By: Patrap , 9:53 PM GMT on April 28, 2008
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After the Final Space Shuttle Flight in 2010-11.America will be bringing a new Space Vehicle on-line. The Orion/Ares Project will be our new access to Low earth Orbit.
And eventually back to Lunar Orbit and the Lunar Surface.
Those over 45 may remember the Look of the Orion Spacecraft is very Similar to that of the Apollo Spacecraft.
A Good design that brought every American Home safely from Earth orbit and the Moon.
Operational Ares I Shown on New Mobile Launcher (NASA)
Ares I, a classic example of a government-funded and managed launch vehicle program, is expected to become the third human space launcher developed entirely by the U.S. National Aeronautics and Space Administration (NASA). Ares I is being developed to do just one job - launch the Orion Crew Exploration Vehicle. Orion is planned to carry on NASA's human spaceflight efforts after Space Shuttle is retired in 2010.
As currently envisioned, the Ares I Crew Launch Vehicle will consist of a five-segment solid propellant first stage derived from Space Shuttle's four-segment reusable solid rocket booster (RSRB) topped by an all-new liquid hydrogen/oxygen upper stage. The upper stage will be powered by a new J-2X upper stage engine derived, in part, from the J-2 engine used on Apollo/Saturn upper stages and the simplified J-2S engine developed but never flown.
Mission requirements call for the two-stage launch vehicle to be capable of inserting a 23.63 tonne Orion spacecraft into a -55.56 x 185.2 km x 28.5 deg suborbital trajectory. This will aim the spent Ares I second stage toward an Indian Ocean impact while Orion fires its service module engine to complete the ascent to orbit. A service module burn at first apogee would need to provide 73.2 meters per second of additional velocity to circularize the orbit at 185.2 km, which is roughly the same as the "OMS-2" burn used to complete the space shuttle ascent to orbit.
Ares I Description
The Ares I/Orion stack is expected to weigh about 906 tonnes at liftoff and stand more than 94 meters to the tip of the launch abort system mast. The launch vehicle itself will be about 79.4 meters from its base to the top of its Instrument Unit. The first stage will be 3.71 meters in diameter, the upper stage 5.5 meters in diameter, and the Orion spacecraft will be 5 meters in diameter.
The first stage will produce roughly 1,600 tonnes of thrust at liftoff and will average 1,245 tonnes of thrust during its roughly 130 second burn. Approximately 630 tonnes of polybutadiene acrylonitride (PBAN) solid propellant will be consumed during the burn. The movable RSRB nozzle will provide pitch and yaw control while a new monopropellant roll control system located in the interstage will control vehicle roll during the first stage burn.
First stage separation will occur at roughly 59 km at a velocity of about 2,024 meters per second. Booster separation motors will back the stage away from the upper stage and interstage, tumble motors will cause it to enter a slow spin, and the tapered frustum section at the top of the stage will separate. The stage will reach a 99 km apogee before beginning its descent. A drogue chute will begin to deploy when the RSRB passes 4.6 km, having already been slowed by the atmosphere to a speed of about 195 meters per second. The stage will impact the Atlantic Ocean under a triple ringsail main chute canopy about 7 minutes 45 seconds after liftoff.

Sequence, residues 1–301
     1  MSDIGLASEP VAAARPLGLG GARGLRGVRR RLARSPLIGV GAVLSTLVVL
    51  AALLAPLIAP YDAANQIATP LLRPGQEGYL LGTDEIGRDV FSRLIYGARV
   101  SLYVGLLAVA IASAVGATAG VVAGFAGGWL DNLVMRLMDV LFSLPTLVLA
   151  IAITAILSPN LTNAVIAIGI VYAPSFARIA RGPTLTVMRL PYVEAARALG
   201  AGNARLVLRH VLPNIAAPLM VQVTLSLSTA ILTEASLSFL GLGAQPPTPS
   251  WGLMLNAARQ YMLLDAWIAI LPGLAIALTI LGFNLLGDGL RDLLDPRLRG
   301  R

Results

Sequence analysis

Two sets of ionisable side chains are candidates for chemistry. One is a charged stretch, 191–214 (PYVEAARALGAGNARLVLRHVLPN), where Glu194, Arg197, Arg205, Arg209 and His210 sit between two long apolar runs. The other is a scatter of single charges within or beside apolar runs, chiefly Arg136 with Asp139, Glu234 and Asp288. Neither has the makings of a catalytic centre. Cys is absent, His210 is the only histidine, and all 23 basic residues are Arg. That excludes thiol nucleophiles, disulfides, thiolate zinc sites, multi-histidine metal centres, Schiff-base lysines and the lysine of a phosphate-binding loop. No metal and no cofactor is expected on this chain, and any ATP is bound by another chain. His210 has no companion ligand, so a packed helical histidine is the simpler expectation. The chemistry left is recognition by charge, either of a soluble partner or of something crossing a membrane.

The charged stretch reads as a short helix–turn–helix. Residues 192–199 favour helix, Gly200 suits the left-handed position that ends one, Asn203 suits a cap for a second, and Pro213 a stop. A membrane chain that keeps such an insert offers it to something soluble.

A cylindrical interstage will connect the RSRB and upper stages. It will be composed of composite materials, marking the first large-scale use of a composite structural element in a U.S. human-rated launch vehicle. The interstage will contain important propulsion elements, including the first stage roll control system, the booster separation motors (the 8.39 tonne thrust motors currently located in the RSRB nose), and two interstage separation systems. Current plans call for the roll control system to use monopropellant hydrazine thrusters. Thrust will be produced by the decomposition of hydrazine as it passes through a catalyst bed.
The upper stage J-2X engine will burn liquid hydrogen and liquid oxygen for about 463 seconds, producing 133 tonnes of thrust at a 448 second vacuum specific impulse. A 125 tonne thrust J-2XD version may be used for initial flights. Velocity at shutdown will be somewhere in the range of 7,800 meters per second.
The J-2X engine will swivel to provide pitch and yaw control. Roll control will be provided by a blow-down system feeding monopropellant hydrazine to a series of attitude control thrusters. Small solid motors will fire to separate the upper stage from the interstage and to settle propellants.
An aft liquid oxygen tank will be topped by a forward liquid hydrogen tank, with a common bulkhead between, to compose the upper stage structure. The tanks will hold up to 128 tonnes of propellants. Tanks will be fabricated from the same 2195 aluminum-lithium alloy currently used to build shuttle External Tanks. The stage itself will be assembled at the current Michoud External Tank factory in New Orleans.
A cylindrical Instrument Unit will top the upper stage. It will contain guidance and control systems for the entire launch vehicle. Link
Apollo Spacecraft in Lunar Orbit
NASA's New Spacecraft: Ares and Orion
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